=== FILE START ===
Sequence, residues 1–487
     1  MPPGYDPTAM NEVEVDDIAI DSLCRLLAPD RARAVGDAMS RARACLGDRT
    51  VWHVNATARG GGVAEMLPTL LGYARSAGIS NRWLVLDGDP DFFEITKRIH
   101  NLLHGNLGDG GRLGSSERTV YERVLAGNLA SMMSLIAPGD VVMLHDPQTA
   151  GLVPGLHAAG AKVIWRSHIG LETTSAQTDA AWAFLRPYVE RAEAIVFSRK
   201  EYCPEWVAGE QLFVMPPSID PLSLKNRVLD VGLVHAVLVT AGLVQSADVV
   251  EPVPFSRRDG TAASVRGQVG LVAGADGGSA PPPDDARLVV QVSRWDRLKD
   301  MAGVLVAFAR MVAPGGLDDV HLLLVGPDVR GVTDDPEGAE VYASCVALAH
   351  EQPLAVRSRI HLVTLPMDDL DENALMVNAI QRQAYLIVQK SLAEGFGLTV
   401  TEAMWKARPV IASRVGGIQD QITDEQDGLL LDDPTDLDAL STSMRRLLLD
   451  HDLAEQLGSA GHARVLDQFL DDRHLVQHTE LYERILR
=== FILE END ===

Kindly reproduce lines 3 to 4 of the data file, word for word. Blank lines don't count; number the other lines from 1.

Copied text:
    51  VWHVNATARG GGVAEMLPTL LGYARSAGIS NRWLVLDGDP DFFEITKRIH
   101  NLLHGNLGDG GRLGSSERTV YERVLAGNLA SMMSLIAPGD VVMLHDPQTA